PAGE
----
Michael Kazarian – Panera Bread
It’s a design that hasn’t gone stale, it’s just in need of some refreshment.
So explains Michael Kazarian as he oversees renovations at around 75 Panera Bread locales this year. Much has changed since the popular chain of bakery-cafes debuted in 1987, with the past few years perhaps the most consequential for Panera as well as fast casual dining establishments in general.
Panera’s drive-thru and online orders were increasing even before COVID-19 and, post-pandemic, aren’t waning. In fact, says Kazarian, off-premises dining continues to rise, so there is not as much need for floor tables and chairs.
The half-walls and dividers that used to create semi-private space have come down, and even the fireplace has been revamped with outlets for recharging phones.
In another noticeable tweak, the bakery case has been moved to the front of the service counter while overhead an angled 6-foot-long mirror allows everyone a look at what just came out of the oven. The bread, muffins, bagels and pastries are, after all, some of the main attractions. Then there’s updated signage and new artwork and furniture for a more modern feel.
“We’re just going with a more clean, bright and contemporary design than in the past,” Kazarian tells Blueprint in December. “And that bird’s eye view of the bakery, it has a strong impact and will be added to every remodel.”
Lengthy to-do list
He seems to have the process down to a science, which has taken some doing, Kazarian only being part of Panera since September 2021. But for the previous 15 years he had held similar roles at McDonald’s and says the skills are transferable.
“Awesome” is how he describes his first calendar year, with 75 remodels completed on his watch and each one under or around budget. Even the supply-chain issues didn’t set back much progress—Kazarian having identified general contractors with adequate staffing and access to materials.
“If we had a shipment of lights delayed, we could still move forward,” he says. “If we had to go back and install a light fixture or hang up art, we would. Our emphasis was on hitting our target dates because if you don’t, it blocks up everything.”
The first tools weren’t unsheathed until July but by year-end, the 75 upgrades had been completed, many of them clustered in certain areas—at least 15 in and around Panera’s St. Louis headquarters. The new year’s agenda calls for a similar load and Kazarian again spending around 30 percent of his time on the road, although not micromanaging.
“Part of our success is having the right partnerships with our general contractors,” he says. “It’s always best when you have one who can work in multiple states and hire the local subcons. All we need are great partners.”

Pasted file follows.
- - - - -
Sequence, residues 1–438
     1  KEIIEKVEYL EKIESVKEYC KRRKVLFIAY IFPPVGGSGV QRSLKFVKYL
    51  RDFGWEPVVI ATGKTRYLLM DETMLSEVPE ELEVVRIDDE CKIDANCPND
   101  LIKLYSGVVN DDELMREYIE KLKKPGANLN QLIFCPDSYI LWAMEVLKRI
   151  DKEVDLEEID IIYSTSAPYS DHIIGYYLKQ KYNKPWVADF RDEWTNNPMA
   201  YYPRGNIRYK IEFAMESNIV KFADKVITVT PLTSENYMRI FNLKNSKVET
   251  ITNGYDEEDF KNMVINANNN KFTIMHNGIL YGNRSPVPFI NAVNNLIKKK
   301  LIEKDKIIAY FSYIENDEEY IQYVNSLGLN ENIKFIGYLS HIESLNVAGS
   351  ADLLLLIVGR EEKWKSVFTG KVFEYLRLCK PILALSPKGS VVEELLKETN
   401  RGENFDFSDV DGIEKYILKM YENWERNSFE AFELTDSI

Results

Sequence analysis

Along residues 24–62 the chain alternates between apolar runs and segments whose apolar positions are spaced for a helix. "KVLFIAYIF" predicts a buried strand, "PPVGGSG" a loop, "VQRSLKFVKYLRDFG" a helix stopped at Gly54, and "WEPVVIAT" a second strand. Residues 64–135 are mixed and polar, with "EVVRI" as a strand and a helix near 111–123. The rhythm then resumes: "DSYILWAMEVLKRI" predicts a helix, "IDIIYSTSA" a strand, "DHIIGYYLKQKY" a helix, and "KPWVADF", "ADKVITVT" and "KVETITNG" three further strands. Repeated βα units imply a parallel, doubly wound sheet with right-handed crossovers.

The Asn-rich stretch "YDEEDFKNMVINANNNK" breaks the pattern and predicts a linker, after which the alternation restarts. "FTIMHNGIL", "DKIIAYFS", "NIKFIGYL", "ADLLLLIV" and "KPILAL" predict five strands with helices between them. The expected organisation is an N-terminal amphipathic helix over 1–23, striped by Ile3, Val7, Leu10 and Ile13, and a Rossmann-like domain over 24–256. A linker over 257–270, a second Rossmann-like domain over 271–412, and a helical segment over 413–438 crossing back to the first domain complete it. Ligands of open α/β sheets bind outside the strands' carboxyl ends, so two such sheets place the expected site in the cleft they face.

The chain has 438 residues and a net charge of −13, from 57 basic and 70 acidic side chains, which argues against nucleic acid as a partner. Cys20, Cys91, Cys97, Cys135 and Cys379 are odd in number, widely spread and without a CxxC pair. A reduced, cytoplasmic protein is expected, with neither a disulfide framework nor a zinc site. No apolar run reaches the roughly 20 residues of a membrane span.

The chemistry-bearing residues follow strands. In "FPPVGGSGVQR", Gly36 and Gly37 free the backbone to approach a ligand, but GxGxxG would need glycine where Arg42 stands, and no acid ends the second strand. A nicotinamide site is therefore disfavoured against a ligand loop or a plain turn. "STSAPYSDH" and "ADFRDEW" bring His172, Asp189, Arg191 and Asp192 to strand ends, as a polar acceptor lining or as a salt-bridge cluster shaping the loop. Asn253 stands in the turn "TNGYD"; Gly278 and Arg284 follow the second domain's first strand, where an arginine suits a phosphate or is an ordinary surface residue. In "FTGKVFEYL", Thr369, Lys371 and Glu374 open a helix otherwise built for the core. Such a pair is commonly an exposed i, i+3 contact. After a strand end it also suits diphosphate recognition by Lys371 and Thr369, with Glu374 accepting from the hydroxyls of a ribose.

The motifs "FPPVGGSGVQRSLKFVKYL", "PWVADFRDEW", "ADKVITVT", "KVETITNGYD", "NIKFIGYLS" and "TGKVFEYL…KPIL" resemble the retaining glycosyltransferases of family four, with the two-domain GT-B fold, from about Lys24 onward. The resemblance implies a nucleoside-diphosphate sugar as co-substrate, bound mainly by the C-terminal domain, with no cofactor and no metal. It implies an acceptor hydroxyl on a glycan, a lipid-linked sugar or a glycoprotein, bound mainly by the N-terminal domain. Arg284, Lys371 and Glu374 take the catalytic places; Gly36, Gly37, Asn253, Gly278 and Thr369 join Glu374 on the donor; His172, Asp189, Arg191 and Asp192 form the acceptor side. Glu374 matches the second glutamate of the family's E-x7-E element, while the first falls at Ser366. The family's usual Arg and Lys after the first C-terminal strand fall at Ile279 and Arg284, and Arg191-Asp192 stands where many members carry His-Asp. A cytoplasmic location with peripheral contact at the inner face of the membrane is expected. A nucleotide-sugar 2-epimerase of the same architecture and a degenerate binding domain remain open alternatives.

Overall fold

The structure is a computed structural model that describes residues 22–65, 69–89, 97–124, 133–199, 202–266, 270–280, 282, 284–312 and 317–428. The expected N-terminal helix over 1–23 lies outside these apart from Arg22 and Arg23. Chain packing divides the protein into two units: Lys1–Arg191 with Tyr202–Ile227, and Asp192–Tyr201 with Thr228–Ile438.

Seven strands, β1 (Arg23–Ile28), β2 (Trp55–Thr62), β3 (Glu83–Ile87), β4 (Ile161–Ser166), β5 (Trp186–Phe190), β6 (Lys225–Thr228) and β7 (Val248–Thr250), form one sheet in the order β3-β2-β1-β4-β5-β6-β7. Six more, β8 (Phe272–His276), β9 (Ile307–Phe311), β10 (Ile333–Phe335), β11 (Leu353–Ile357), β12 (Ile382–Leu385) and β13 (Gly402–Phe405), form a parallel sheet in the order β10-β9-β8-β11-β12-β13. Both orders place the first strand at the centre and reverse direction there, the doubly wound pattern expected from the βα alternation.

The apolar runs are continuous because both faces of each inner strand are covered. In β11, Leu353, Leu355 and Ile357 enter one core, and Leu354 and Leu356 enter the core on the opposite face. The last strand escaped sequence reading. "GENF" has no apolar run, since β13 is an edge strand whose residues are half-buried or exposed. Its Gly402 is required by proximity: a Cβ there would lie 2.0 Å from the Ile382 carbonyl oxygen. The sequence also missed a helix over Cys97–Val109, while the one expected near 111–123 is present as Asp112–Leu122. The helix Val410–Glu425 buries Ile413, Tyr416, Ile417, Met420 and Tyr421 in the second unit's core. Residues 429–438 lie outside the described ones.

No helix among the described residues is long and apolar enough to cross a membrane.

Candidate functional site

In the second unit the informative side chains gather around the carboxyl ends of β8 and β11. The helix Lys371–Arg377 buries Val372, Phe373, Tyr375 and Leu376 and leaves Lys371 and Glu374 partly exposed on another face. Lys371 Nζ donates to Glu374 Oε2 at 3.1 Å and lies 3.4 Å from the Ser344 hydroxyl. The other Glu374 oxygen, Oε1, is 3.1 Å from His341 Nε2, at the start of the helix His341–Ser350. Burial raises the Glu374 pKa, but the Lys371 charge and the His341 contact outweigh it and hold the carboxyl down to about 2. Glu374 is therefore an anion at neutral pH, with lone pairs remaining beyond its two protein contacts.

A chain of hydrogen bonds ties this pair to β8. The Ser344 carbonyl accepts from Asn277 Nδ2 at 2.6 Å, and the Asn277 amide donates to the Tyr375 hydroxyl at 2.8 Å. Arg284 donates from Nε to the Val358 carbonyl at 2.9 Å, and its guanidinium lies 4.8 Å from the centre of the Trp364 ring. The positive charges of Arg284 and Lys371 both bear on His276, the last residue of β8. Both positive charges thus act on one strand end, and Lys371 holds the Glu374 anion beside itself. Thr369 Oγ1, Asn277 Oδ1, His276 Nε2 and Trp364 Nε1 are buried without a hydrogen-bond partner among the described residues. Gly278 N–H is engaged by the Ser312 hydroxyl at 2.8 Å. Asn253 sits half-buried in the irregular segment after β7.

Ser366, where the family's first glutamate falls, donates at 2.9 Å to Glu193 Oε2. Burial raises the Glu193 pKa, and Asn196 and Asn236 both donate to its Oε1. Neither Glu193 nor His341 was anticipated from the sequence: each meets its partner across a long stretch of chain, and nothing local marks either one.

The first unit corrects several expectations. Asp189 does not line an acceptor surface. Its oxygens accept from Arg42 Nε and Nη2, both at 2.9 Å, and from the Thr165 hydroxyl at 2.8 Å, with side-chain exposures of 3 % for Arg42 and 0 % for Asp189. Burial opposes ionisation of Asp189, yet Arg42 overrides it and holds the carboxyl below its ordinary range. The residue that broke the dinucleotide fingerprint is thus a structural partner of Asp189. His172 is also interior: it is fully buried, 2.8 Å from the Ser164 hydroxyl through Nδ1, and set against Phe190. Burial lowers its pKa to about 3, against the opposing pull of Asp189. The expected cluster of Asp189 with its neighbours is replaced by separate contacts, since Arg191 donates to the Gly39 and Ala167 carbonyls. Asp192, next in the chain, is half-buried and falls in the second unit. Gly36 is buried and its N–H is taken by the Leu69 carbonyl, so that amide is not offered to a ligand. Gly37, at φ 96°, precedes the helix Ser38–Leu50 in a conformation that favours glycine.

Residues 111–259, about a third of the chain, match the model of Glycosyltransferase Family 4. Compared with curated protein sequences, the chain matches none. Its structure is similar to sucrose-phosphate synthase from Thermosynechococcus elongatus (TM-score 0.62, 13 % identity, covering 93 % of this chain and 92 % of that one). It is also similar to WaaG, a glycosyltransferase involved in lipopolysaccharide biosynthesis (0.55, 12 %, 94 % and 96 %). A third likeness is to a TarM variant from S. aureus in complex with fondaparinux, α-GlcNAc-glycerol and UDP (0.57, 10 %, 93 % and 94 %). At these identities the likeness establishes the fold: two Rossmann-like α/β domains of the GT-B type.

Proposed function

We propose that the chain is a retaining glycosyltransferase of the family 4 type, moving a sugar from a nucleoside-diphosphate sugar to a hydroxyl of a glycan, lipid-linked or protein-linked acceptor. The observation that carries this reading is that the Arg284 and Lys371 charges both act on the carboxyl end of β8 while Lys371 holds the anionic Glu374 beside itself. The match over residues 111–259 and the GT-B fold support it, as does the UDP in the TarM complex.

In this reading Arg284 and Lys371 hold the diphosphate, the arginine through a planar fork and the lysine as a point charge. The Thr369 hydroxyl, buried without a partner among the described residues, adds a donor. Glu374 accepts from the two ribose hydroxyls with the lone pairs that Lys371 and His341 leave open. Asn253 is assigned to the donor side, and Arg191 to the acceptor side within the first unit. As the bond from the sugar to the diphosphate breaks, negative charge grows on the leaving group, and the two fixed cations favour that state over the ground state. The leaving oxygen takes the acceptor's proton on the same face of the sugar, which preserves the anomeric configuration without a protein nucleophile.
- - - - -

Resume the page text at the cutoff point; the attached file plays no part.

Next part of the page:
This time, more dough
He reckons 2023’s targets will be hit, albeit at potentially higher cost to labor and supplies. Kazarian sees the upgrades as necessary investments for Panera Bread to create a bakery cafe environment that serves guests and associates well.
McDonald’s had him doing similar work, especially during his last few years as a national construction manager with a pandemic underway. Then, Panera dangled the possibility of a midcareer change that allowed Kazarian to remain in the Michigan home where he and his wife have raised three children.
“Initially I wondered if I had made the right decision,” he recalls. “I had been in a comfortable role for over 15 years and here I was coming to a new company with its new idea and mindset. But now I have no doubt it was the right choice.”
Kazarian also has no doubt he made the right career choice decades ago. Even as a boy he enjoyed building things and went on to study architecture and design at Lawrence Technological University in Southfield, Michigan. The Detroit-based Little Caesars pizza chain proved an early fit, it affording the young Kazarian a comprehensive look at assembling a franchise outlet.
An early start
“Although architects usually work in the office, Little Caesars had me visiting sites. It didn’t take long to learn that’s where the rubber meets the road,” he recalls. “I fell in love with being out in the field and solving problems on site and not just on paper.”
Kazarian got to do even more at McDonald’s from 2006 to 2021, with much emphasis during those last couple years on retrofitting restaurants with double drive-thru’s, better technology and other amenities.
Panera’s also enhanced its digital methods with technology, as well as kiosk integration, its MyPanera loyalty program and an overall commitment to digital personalization. Change is inevitable, with prototypes having limited shelf lives, Kazarian reminds
He says initial feedback to the renovations has been positive. The agreeable aroma of fresh bread still greets patrons, and there remain the baked goods, salads, sandwiches, soups, specialty beverages and the latest additions of flatbread pizzas, Chef’s Chicken sandwiches and recently, new Toasted Baguettes.
All are delivered more quickly than before through digital menu boards and with savings through smaller floor plans and sustainable features.
“We have the right managers in place to complete the work ahead,” he says. “If I’m on the road now, it’s to build the right relationships with our vendors and clear the way for my team.”
View this feature in the Blueprint Vol. II 2023 Edition here.
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